What was your next career move given your strong customer success foundation?

I decided to move into professional services, and I took a couple of my reps with me. I also hired a couple of people and built out a team of 9. I was extremely proud of this group as we became the highest performing team in the department with both the highest net retention and NPS scores.

While in this role I got to lead a couple of key initiatives. First, I project managed the roll out of a new suite of services, helping to define what those services were, how to package everything, and how to go to market.

In conjunction with the new service offerings, my co-worker and I spearheaded a successful onboarding pilot that ultimately led to the creation of a new Customer Onboarding function.

After an internal and external search I was offered the role of Associate Director of Customer Onboarding to build out and lead the new function. It was an incredibly exciting and fulfilling experience as I am extremely passionate about the customer experience. My team’s philosophy was to welcome, educate and empower our customers to use our product to reach their business goals.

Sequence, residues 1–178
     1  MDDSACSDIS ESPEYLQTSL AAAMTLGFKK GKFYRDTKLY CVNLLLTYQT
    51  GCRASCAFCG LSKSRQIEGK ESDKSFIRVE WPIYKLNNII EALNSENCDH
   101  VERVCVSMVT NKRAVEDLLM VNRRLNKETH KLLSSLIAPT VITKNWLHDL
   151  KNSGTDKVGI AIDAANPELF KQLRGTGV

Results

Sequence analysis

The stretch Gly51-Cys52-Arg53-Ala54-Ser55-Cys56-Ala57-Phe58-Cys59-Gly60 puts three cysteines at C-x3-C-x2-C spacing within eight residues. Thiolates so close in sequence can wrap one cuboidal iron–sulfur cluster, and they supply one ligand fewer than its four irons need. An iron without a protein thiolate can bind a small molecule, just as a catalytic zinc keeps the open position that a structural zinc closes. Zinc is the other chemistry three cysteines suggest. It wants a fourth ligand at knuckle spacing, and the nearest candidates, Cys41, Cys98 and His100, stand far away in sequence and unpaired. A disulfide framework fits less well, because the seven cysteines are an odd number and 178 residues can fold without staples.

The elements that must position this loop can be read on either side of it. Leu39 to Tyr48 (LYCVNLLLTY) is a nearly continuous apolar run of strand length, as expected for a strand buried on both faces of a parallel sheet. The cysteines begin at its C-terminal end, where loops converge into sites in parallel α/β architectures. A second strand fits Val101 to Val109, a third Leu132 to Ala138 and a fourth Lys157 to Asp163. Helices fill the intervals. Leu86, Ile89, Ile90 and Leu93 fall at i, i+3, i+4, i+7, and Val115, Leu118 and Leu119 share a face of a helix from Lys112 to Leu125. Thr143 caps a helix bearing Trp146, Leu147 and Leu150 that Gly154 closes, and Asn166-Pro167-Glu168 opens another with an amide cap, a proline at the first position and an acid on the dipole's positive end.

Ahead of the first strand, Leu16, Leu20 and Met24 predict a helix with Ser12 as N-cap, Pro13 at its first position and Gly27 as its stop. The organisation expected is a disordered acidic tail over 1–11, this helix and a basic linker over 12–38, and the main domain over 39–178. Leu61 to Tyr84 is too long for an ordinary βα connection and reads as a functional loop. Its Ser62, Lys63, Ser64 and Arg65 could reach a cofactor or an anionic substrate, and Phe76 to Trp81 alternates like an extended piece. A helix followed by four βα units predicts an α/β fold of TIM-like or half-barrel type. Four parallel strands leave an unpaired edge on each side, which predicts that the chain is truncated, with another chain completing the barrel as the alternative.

What is the next CS challenge that you’re looking to solve?

I love working closely with customers. It’s not just about seeing them successful with a platform but in their businesses overall. It’s great being able to coach them and to lead them towards their goals.

So I am really excited to be here at Quala where I get to help the Customer Success community.

One opportunity I see is the need for more defined frameworks around the customer success function. There’s a need for putting basic processes in place.

Customer success, for a lot of companies, is still very reactive. But the goal is to become more proactive. That’s when the magic happens — people know what their responsibilities are and how to integrate into different departments. Ownership is important for organizations to figure out.

At Quala, I’m building frameworks to help customer success leaders transition their functions from reactive to proactive as quickly as possible.

Success starts with exploring basic questions — what does success represent for your customer? I always try to put myself in the shoes of the customer to be empathetic to their point of view.

In our field, there’s a tendency to get caught up in metrics. Numbers are super important. But at the end of the day, we need to be problem-solvers — to give customers the best experience we possibly can. When we get that right, and we lead customers to successful outcomes, seeing metrics point in the right direction is the icing on the cake.

Let’s talk about Customer Success!

Want to join conversations around human-centric customer success, share your insights, and learn from other smart CSMs? Join us in the Humans of CS Community. (It’s free!)